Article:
These ```new-wave' soft drinks are an old idea,'' argues Jesse Meyers, editor and publisher of Beverage Digest. Mr. Meyers sees many of these products going the way of the Pet Rock. Historically, ``juice added'' products have failed, he says, noting the defunct Napa Naturals line and the fact that Slice soft drinks no longer tout the fact that they contain ``10 percent fruit juice.'' With the possible exceptions of the flavored, bottled waters, such drinks will probably fade, he says.

``What the public is looking for are drinks that are cold, sweet, swiftly available, and image-enhancing,'' says Meyers, who has followed the industry for 30 years. If consumers want juice, they'll drink juice. If they want a soft drink, they'll drink a soft drink, he says.

Still, manufacturers and loyal fans say the time is ripe for a ``good for you'' soft drink that's not a fad. (The US Food and Drug Administration plans to issue a requirement that such beverages list the amount of juice content, according to an FDA spokesman.) Another plus is variety: Lemon, lime, orange, raspberry, strawberry, peach, black cherry, tangerine, boysenberry, kiwi, cranberry - the list goes on. ``That's one of reasons there is this phenomenal growth - because consumers are actually beginnin g to find there are variety options among beverages,'' says Brown. ``We've seen desire for greater variety in foods, and now very much so beverages,'' adds Mr. Brown.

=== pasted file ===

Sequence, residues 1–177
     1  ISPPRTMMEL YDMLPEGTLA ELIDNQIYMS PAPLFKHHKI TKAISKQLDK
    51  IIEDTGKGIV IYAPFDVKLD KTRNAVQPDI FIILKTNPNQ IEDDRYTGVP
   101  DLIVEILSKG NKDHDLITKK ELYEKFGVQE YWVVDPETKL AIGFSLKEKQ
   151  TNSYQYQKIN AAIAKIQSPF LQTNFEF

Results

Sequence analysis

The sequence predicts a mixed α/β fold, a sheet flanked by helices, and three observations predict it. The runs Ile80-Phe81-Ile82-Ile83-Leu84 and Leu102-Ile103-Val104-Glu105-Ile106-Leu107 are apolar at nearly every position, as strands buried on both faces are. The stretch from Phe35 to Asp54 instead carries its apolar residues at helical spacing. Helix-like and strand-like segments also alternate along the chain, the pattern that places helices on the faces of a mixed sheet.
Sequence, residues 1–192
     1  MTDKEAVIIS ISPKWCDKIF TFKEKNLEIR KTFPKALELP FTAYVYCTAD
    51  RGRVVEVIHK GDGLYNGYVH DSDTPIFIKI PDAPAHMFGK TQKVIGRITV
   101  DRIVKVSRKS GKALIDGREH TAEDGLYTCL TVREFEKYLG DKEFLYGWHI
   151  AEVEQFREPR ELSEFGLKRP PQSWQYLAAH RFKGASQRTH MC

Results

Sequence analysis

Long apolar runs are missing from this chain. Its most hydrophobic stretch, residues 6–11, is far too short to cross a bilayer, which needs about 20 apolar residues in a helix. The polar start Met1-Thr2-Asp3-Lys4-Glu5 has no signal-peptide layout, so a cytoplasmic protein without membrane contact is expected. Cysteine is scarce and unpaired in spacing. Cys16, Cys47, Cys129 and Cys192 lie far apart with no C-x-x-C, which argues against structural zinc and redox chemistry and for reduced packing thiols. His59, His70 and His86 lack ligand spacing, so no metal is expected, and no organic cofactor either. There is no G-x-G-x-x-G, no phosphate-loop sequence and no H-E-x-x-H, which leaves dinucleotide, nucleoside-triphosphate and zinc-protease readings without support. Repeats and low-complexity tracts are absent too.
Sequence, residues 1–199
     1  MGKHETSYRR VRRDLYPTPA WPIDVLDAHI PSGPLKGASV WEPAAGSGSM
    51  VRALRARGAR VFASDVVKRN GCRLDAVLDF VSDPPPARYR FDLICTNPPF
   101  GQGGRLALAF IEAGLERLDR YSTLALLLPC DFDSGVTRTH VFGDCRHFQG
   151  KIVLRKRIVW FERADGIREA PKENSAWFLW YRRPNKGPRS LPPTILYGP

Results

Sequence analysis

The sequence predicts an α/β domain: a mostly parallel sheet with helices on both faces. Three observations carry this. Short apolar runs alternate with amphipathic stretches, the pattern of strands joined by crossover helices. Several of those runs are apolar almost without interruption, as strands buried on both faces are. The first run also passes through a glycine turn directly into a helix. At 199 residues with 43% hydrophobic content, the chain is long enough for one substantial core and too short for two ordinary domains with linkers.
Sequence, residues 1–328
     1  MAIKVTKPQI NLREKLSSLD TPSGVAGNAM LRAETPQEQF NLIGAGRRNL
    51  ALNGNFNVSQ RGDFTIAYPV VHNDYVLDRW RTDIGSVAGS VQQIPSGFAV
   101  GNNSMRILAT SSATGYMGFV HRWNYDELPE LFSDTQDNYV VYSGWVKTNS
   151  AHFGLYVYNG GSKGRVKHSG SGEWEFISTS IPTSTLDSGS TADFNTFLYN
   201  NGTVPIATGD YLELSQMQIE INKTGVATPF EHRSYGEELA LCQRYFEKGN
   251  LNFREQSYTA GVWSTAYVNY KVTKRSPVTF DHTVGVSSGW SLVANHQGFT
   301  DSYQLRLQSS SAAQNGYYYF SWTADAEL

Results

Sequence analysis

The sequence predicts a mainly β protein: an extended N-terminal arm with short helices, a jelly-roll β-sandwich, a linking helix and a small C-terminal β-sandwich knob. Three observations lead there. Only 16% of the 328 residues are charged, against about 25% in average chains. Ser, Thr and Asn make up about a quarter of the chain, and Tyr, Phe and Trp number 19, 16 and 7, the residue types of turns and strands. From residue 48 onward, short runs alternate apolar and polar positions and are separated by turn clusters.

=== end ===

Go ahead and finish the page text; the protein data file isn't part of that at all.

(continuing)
INITIALLY, many manufacturers targeted the yuppie-gourmet crowd, and started on the West Coast. But the market turned out to be much broader, much to their surprise. Such is the case with Clearly Canadian, says spokesman Don Morrison. The company's clear soft drink is ``also popular among younger teenagers and older people and even ethnic people,'' he says.

Brown points out that his company found Sundance juice sparklers to be ``adult enough'' to capture young consumers. Many adults see them as acceptable alternatives to alcoholic beverages.

That's just fine with Jeffrey Hon, director of the National Council on Alcoholism and Drug Dependence, Inc. ``We welcome any non-alcoholic beverage product that provides a socially acceptable alternative to drinking alcohol,'' he says - especially for pregnant women, people struggling with alcoholism, and young people.

In addition, parents are seeing some of the beverages as alternatives to some of the traditional, caffeinated soft drinks for their children. Kathy Potenza, a car-rental agent in Boston, says she adds water to cola when her 2 1/2-year-old daughter wants some. Although she says she hasn't tried many new-age beverages, ``anything to take her away from soda'' would be good, she says. ``Everywhere you turn, all you see are Coke machines,'' she adds.

``A lot of moms are conscious about what they give their kids,'' says Peggy Short, customer service representative for Knudsen & Sons Inc., makers of fruit juice spritzers (70 percent fruit juice, 30 percent sparkling water). They've even come out with ``organic'' fruit-juice spritzers.) ``To a kid not raised on Pepsi or Coke ..., they really think they are sodas; they're a treat.''

At a Boston grocery store, Bob Ward fills up his basket with juice-added Poland Spring. When questioned why, he responds ``Healthier. It's simple, not complicated.'' Mr. Ward, 48 and a runner for the past 10 years, says he's glad to know much of America still buys mainstream soft drinks, because ``then there wouldn't be any of this left!''